The first attempt to replace Obamacare went down like the proverbial lead balloon.
After pushing through—on a narrow, party-line vote—a motion to proceed to debating various plans to repeal the Affordable Care Act on Tuesday afternoon, Republicans brought their first plan up for a vote late Tuesday night, only to watch it fail 43 to 57 in a procedural vote.
Scathingly dubbed “Trumpcare 3.0” by Democrats, the bill was the Senate’s stab at crafting a replacement of the Affordable Care Act. It would have gutted more than $700 billion from Medicaid and sharply cut the tax credits available for low income people to buy health insurance.
The bill included a controversial provision drafted by Sen. Ted Cruz (R-TX) that would allow insurers to offer plans off of Obamacare’s exchanges that don’t cover basic care like doctor’s visits and prescription drugs. The provision was never scored by the non-partisan CBO, and a glowing analysis of it by the Department of Health and Human Services was found to be seriously flawed. The policy was originally drafted to keep the skimpy plans and comprehensive plans in a single risk pool, but Cruz told reporters Tuesday that he was tweaking it to have two separate risk pools to win over Lee’s vote. Lee voted against the bill anyway.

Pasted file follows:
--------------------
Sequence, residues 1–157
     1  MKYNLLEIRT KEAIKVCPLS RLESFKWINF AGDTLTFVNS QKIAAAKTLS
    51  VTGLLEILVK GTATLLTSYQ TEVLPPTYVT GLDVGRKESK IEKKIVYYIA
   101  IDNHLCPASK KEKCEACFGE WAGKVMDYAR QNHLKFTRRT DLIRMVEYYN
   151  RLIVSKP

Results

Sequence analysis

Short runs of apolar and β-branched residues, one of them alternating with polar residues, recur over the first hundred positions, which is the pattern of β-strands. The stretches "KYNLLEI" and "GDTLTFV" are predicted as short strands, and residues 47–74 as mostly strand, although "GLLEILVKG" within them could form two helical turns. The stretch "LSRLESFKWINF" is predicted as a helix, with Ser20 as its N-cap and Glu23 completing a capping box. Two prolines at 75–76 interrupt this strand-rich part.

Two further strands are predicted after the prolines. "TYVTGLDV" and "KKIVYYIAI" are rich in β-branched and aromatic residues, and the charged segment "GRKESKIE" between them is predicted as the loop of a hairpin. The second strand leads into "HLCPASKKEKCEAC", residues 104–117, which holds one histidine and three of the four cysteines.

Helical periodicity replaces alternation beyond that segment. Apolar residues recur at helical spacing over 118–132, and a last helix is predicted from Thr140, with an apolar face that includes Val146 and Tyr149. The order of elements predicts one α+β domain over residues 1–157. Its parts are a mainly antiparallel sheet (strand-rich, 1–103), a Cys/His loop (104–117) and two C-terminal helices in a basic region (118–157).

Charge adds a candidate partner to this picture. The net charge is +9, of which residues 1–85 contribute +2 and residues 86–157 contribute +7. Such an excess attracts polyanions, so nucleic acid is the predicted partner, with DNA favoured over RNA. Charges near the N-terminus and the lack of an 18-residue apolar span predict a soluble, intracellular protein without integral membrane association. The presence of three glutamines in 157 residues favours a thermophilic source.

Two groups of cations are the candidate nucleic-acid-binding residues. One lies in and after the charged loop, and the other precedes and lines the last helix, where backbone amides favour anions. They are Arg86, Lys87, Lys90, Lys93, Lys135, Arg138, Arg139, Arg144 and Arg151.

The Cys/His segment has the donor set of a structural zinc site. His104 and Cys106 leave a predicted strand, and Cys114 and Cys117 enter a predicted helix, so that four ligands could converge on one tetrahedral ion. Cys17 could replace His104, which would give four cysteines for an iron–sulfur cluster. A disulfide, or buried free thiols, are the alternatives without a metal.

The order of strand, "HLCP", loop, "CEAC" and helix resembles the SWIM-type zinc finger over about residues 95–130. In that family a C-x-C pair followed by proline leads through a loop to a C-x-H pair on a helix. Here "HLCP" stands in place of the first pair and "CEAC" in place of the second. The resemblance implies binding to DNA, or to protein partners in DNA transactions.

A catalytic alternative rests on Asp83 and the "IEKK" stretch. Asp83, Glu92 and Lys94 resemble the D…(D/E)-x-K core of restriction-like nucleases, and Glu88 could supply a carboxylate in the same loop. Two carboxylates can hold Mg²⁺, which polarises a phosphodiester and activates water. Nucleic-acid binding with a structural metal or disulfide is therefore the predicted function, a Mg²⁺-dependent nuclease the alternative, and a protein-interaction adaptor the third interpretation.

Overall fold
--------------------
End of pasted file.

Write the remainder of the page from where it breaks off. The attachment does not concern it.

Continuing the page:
Keep the pressure up. That’s the way to stop the madness now.